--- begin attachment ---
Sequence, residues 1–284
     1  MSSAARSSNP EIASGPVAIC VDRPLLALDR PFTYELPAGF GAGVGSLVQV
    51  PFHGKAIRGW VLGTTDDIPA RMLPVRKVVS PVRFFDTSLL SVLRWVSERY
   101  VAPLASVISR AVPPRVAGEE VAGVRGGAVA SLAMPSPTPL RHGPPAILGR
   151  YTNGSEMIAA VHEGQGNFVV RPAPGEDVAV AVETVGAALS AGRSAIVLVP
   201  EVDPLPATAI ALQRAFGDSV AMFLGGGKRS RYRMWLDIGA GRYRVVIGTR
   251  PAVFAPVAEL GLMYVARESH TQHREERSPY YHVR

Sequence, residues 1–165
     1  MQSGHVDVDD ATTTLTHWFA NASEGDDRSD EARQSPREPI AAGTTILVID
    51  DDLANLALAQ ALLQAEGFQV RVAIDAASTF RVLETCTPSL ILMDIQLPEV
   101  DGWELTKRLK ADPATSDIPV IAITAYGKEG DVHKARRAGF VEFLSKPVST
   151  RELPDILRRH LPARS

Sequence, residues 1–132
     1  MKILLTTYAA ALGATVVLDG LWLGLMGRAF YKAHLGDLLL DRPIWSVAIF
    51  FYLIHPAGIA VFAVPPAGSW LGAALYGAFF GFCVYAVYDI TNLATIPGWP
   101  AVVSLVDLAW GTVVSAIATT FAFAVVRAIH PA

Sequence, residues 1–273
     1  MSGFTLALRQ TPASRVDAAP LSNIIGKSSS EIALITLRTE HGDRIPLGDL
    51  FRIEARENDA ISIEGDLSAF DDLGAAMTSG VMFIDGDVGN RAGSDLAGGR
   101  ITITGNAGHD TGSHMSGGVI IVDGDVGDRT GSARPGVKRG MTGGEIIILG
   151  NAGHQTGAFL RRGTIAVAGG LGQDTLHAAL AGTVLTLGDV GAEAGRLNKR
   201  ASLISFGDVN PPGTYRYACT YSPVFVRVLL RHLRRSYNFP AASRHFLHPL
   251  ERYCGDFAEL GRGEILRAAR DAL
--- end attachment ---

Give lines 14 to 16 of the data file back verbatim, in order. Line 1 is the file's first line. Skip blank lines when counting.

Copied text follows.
     1  MKILLTTYAA ALGATVVLDG LWLGLMGRAF YKAHLGDLLL DRPIWSVAIF
    51  FYLIHPAGIA VFAVPPAGSW LGAALYGAFF GFCVYAVYDI TNLATIPGWP
   101  AVVSLVDLAW GTVVSAIATT FAFAVVRAIH PA